According to the United States Census Bureau, the city has a total area of 4.20 square miles (10.88 km2), of which 4.07 square miles (10.54 km2) is land and 0.13 square miles (0.34 km2) is water. The Clinton River runs through the city. The city is almost completely surrounded by Clinton Township, except for the far east side which borders Harrison Township.
|U.S. Decennial Census|
As of the census of 2010, there were 16,314 people, 6,714 households, and 3,542 families living in the city. The population density was 4,008.4 inhabitants per square mile (1,547.7/km2). There were 7,582 housing units at an average density of 1,862.9 per square mile (719.3/km2). The racial makeup of the city was 70.0% White, 24.8% African American, 0.3% Native American, 0.5% Asian, 0.8% from other races, and 3.6% from two or more races. Hispanic or Latino residents of any race were 2.9% of the population.
There were 6,714 households, of which 25.9% had children under the age of 18 living with them, 30.6% were married couples living together, 16.4% had a female householder with no husband present, 5.7% had a male householder with no wife present, and 47.2% were non-families. 39.7% of all households were made up of individuals, and 13% had someone living alone who was 65 years of age or older. The average household size was 2.19 and the average family size was 2.96.
The median age in the city was 38.3 years. 20.6% of residents were under the age of 18; 9.7% were between the ages of 18 and 24; 28.9% were from 25 to 44; 27.8% were from 45 to 64; and 13% were 65 years of age or older. The gender makeup of the city was 51.5% male and 48.5% female.
- I-94 provides a connection northeast to Port Huron and to Detroit, which is to the southwest.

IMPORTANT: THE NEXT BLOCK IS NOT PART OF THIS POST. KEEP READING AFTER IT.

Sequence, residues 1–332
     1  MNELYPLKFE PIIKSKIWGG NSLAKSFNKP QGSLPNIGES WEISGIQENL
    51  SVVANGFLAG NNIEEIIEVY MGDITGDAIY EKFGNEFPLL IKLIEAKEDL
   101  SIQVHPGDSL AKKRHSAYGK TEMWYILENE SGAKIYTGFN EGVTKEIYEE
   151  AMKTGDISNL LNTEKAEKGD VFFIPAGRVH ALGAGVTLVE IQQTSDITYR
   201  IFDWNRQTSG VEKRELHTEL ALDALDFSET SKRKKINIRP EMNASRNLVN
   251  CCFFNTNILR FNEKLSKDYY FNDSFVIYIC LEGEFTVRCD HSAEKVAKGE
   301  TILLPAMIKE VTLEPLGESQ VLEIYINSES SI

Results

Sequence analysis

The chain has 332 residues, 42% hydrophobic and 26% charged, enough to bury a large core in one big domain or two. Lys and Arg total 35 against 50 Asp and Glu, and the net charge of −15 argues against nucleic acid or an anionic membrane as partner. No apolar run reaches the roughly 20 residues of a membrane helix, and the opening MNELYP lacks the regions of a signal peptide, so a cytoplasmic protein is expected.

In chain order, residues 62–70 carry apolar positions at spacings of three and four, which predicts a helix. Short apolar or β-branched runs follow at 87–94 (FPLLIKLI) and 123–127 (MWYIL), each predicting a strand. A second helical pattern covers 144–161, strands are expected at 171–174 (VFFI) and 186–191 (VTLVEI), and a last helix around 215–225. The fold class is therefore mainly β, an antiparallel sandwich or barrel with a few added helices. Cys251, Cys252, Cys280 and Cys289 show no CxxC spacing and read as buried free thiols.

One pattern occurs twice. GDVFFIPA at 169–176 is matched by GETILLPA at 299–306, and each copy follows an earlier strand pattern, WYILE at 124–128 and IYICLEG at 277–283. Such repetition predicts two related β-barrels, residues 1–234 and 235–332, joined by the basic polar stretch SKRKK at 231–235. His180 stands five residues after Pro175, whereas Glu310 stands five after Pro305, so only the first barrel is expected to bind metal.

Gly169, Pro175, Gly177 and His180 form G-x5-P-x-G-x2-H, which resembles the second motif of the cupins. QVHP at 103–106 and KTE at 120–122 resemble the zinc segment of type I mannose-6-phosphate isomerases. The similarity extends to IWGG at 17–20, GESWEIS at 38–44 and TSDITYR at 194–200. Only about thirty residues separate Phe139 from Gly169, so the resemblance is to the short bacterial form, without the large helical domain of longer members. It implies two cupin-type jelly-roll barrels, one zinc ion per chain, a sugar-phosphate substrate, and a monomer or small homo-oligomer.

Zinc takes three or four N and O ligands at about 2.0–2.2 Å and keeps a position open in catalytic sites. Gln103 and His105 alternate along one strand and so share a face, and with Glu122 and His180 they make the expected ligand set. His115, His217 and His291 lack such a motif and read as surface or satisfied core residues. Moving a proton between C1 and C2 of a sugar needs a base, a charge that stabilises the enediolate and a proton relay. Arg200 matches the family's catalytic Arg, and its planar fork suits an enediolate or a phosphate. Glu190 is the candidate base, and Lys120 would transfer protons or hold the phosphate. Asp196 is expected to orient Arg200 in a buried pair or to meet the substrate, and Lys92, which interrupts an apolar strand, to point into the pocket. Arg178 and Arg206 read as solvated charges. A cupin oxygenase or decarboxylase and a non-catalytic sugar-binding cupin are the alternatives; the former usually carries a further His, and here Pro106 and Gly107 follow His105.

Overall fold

- M-3 (Gratiot Ave)
- M-59 (Hall Rd)
- M-97 (Groesbeck Hwy)
Suburban Mobility Authority for Regional Transportation (SMART) Bus Route *560/565 Gratiot.
Canadian National provides Class 1 Freight service to Mt Clemens with the old Grand Trunk Western Detroit to Port Huron line.
Mount Clemens has a wide variety of architectural styles in its residential areas. It features many historic homes, also. The most popular styles are craftsman homes, Tudors, and bungalows.
- Mount Clemens Community School District operates public schools.
- Mount Clemens High School
- Chauncey G. Cady, farmer and politician
- Horace H. Cady, farmer and politician
- Dean Cain, football player and actor
- Harley High Cartter, lawyer and politician
- Rickey Clark, baseball pitcher
- Dick Enberg, sports announcer
- Paul Feig, actor and director
- Rich Froning Jr., CrossFit athlete and coach
- Terrie Hall, anti-smoking activist
- Ian Hornak, painter and printmaker
- Mike Ignasiak, baseball pitcher
- Chuck Inglish, rapper
- Connie Kalitta, drag racing driver
- Scott Kamieniecki, baseball pitcher
- David Kircus, football player
- Arnold Klein, dermatologist for Michael Jackson
- Tracy Leslie, NASCAR driver
- George F. Lewis, journalist and newspaper proprietor
- John Lutz, television writer and actor
- Tommy Milton, racing driver
- Dan Nugent, football player
- Lawrence B. Schook, academic
- Richard A. Searfoss, astronaut
- Lary Sorensen, baseball pitcher
- Eric Spoutz, art dealer
- Uncle Kracker, singer-songwriter
- Allen Henry Vigneron, Roman Catholic bishop
- Wally Weber, football player and coach
- Brian Adams, State Senator of South Carolina
|Mary the Jewess|